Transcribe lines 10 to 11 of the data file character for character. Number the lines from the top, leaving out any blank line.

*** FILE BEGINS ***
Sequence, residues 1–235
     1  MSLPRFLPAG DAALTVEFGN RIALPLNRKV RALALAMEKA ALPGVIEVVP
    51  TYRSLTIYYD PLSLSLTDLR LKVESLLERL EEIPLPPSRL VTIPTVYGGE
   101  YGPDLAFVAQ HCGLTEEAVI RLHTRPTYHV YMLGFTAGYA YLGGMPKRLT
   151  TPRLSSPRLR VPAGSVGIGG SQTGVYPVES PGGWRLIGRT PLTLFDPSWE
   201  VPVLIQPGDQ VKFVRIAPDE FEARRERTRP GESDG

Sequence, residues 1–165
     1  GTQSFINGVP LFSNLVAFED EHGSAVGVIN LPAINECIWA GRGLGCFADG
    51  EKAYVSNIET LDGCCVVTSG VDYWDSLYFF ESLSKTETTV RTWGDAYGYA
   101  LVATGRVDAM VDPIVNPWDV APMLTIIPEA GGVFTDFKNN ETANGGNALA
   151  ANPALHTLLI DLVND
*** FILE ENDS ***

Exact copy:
   101  LVATGRVDAM VDPIVNPWDV APMLTIIPEA GGVFTDFKNN ETANGGNALA
   151  ANPALHTLLI DLVND